Vocational education is generally defined as an education to teach knowledge, skills and attitude required by the vocation in which a student will engage. However, present status of vocational education provided by the special schools in Japan does not exactly conform with the education defined hereabove. Because many enrolled students at the secondary level are so severely handicapped that their vocational self-support is considered to be remarkably difficult or almost impossible. This trend is dominant at the special schools for the motor handicapped and the mentally retarded. Under this circumstances, vocational education at the special schools is necessarily modified in its concept and content in order to adjust to the current students needs. The types of vocational education, in my opinion, are classified as follows.

  1. Vocational education to acquire specific job skills
  2. Vocational education to learn general skills for vocation
  3. Vocational education carried out as a sort of instruction (mainly for the M. R. )
  4. Vocational education to expand living skills (for the severely handicapped)

4. Assistance in transition

(1) Need for transition program

Importance of the transition program was pointed out in the OECD/CERI Report (1985), APEID Regional Seminar on Special Education (1986) in Japan. Also, most of teachers in the special schools in Japan would realize seriously the need for establishing transition program. The program based on future perspectives of each handicapped student should include such teaching elements as self-understanding, independent living skills, interpersonal and social skills, work attitude, leisure skills etc.

(2) Need for leisure education

Tranditionally, teacher's concern has concentrated largely on teaching academic skills even in the secondary level of the special schools. However, to meet the growing needs of young adolescents, the schools should recognize the significance of leisure education, particularly, for those whose handicaps are too severe to get job in the open industries or welfare workshops. Acquisition a knowledge how to organize free time for the constructive pourpose should be included actively in the teaching content of the secondary level. Each student is needed to encourage an effective use of leisure time.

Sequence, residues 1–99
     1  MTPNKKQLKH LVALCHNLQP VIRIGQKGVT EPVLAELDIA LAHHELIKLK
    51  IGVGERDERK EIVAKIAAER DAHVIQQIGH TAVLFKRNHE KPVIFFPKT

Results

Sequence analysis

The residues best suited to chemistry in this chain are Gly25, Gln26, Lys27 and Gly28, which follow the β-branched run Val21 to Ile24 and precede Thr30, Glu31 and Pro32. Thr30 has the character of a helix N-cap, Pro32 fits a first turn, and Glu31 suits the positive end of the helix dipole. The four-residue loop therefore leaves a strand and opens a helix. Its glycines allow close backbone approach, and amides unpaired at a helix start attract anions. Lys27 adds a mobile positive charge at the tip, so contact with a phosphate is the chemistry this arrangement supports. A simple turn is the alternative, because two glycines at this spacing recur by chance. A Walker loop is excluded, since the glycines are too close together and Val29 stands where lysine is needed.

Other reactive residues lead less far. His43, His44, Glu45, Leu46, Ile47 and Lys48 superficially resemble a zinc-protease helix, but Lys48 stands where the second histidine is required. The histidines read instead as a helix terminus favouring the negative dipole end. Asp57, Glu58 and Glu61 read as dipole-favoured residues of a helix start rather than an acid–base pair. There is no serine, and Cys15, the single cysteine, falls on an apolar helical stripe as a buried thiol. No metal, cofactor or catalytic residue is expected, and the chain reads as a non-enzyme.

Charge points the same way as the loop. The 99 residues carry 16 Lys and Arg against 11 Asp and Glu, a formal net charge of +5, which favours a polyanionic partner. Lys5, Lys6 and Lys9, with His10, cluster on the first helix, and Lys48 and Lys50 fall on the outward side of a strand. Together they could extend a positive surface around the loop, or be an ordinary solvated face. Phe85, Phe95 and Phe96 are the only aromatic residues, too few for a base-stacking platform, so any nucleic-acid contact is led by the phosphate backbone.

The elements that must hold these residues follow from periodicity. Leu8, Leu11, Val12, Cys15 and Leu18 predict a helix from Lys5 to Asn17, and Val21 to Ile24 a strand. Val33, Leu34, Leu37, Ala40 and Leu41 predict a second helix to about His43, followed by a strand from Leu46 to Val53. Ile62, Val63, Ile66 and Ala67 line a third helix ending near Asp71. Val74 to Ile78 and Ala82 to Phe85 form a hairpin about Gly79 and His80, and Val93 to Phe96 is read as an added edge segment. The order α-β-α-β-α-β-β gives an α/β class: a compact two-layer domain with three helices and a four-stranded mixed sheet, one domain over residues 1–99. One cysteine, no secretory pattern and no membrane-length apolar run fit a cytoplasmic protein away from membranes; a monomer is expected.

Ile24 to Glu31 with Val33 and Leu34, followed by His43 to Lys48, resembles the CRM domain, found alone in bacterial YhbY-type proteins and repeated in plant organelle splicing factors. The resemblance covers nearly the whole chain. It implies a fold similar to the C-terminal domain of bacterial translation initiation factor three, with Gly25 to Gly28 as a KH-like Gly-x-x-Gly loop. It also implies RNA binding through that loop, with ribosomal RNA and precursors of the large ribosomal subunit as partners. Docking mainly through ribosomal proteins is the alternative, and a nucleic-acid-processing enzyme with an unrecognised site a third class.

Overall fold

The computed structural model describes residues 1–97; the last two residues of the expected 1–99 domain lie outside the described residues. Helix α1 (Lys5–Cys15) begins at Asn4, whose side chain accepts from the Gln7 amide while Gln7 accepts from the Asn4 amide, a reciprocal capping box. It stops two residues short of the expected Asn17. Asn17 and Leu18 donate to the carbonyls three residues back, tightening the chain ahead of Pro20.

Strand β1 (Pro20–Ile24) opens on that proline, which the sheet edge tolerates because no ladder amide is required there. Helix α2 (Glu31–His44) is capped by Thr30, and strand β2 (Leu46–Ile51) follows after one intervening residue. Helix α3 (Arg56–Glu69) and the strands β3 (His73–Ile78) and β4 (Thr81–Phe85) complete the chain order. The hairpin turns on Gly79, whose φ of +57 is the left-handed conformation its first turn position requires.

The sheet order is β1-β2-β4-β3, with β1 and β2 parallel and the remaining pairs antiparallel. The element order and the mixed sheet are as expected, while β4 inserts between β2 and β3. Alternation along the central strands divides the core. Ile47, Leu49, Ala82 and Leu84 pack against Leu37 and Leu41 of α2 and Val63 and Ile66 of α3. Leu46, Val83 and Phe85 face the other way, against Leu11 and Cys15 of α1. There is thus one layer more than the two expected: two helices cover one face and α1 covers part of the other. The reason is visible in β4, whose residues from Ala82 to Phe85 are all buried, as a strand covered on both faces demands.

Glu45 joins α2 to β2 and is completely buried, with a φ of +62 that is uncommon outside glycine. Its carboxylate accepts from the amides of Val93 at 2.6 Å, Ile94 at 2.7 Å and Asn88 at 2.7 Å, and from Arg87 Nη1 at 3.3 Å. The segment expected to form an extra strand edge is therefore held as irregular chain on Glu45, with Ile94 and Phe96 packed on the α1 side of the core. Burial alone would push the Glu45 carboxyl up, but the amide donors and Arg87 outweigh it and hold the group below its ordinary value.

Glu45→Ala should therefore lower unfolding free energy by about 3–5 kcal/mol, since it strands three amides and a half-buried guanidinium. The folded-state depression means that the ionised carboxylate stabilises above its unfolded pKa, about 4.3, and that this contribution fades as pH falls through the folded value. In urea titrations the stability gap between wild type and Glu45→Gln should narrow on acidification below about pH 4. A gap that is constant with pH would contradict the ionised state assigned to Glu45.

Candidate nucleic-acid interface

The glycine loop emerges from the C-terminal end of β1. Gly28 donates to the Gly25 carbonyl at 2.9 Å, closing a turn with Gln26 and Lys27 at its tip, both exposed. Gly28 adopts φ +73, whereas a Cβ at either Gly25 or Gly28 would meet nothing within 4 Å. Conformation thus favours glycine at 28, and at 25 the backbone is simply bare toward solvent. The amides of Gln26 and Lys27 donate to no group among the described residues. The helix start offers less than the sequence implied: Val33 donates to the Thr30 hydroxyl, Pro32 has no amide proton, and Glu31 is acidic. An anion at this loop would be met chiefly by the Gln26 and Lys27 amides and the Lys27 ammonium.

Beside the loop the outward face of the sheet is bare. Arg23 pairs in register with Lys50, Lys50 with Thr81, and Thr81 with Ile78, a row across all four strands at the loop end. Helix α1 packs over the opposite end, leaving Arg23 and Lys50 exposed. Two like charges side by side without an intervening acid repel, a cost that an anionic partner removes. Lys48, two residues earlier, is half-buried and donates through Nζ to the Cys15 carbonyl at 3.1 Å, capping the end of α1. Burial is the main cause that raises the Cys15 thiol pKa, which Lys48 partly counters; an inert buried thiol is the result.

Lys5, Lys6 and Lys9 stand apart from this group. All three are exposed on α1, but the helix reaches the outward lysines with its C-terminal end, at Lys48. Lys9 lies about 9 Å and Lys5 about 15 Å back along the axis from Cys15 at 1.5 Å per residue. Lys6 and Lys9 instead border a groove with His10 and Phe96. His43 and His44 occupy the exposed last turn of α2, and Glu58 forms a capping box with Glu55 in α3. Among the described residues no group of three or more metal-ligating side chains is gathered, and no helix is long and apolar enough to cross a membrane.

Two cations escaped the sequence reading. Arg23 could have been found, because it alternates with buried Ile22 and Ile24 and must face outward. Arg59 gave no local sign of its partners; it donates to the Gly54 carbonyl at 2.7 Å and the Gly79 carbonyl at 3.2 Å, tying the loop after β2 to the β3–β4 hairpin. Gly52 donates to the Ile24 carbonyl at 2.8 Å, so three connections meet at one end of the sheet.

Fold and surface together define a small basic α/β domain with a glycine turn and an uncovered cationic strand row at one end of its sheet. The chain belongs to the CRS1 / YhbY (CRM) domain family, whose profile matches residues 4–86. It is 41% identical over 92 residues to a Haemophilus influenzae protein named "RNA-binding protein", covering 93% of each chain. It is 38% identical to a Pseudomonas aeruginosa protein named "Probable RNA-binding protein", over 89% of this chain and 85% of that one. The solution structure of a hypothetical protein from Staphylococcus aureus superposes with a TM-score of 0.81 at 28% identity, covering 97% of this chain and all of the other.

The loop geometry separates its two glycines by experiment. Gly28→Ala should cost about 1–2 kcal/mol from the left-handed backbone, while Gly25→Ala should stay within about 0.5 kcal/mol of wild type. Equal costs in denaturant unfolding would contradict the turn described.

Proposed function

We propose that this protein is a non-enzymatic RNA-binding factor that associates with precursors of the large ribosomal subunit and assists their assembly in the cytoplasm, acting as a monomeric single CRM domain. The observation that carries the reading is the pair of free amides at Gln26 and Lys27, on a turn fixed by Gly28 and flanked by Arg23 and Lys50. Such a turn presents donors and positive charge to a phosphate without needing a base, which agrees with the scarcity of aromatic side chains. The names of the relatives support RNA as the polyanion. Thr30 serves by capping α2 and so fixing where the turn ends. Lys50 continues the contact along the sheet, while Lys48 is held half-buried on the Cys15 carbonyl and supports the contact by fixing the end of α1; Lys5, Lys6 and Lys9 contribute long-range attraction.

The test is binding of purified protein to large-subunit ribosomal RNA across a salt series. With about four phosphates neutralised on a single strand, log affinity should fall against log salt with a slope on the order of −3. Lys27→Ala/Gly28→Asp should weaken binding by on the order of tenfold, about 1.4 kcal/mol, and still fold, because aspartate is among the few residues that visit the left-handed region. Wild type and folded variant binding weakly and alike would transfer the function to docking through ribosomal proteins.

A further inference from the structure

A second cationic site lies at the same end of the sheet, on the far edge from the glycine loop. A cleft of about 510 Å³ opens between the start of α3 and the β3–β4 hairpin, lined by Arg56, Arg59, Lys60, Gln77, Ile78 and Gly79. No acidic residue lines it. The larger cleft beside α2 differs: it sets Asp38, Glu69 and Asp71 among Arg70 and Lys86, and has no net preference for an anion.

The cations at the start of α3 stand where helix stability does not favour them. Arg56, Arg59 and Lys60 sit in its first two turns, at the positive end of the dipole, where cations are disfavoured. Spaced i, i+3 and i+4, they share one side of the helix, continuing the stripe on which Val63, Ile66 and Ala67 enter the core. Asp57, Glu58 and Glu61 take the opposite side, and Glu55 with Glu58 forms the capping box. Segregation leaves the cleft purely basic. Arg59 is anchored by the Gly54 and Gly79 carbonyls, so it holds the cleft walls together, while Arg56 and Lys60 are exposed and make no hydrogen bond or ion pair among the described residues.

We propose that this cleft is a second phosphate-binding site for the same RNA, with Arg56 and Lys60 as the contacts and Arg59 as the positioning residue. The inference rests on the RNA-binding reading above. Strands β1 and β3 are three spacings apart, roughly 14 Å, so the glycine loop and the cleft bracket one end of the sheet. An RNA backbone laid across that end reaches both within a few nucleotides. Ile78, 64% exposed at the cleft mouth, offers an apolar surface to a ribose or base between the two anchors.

(3) Active cooperation with schools, families and community resources

In order to make the students to transfer from school to society more easily, close cooperation between schools, families, public organizations, facilities, and private companies, togather with the service such as career counseling and placement, are to be pursued.

5. Placement after graduation

Accrording to the statistics of the Ministry of Education, Science and Culture in Japan, as of May 1st, 1987, employment ratio of graduates from upper secondary departmetnts of the special school was about 30%. Other graduates have gone to higher educations, welfare institutes or staying home. Under the circumstances, the promotion of employment for handicapped persons, the expansion of social services, and improvement in the quality of living of home bound handicapped persons, are key factors in determining their future lives. In order to minimize the gap between school and society, improvements in life environment after graduation including promotion of employment are the target of present efforts.


(1) Japanese National Commission for UNESCO, National Institute of Special Education, Final Report of the Sixth APEID Regional Seminar on Special Education. 1986.
(2) National Association for Employment of the Handicapped (in Japan), Physically and Mentally Handicapped People in Japan and Countermeasures to Promote their Employment, 1985.
(3) Ministry of Education, Science and Culture, Special Education in Japan, 1988.
(4) Misawa G. Employment Promotion of the Disabled Workers and Attitude Modification of Employers and Co-workers, paper presentation, 15th World Congress of R. I. 1984.
(5) Misawa G. A Study of Vocational Adjustment of Mentally Retarded Adults in Competitive Employment paper presentation, International Special Education Congress, Nottingham University U. K. 1985.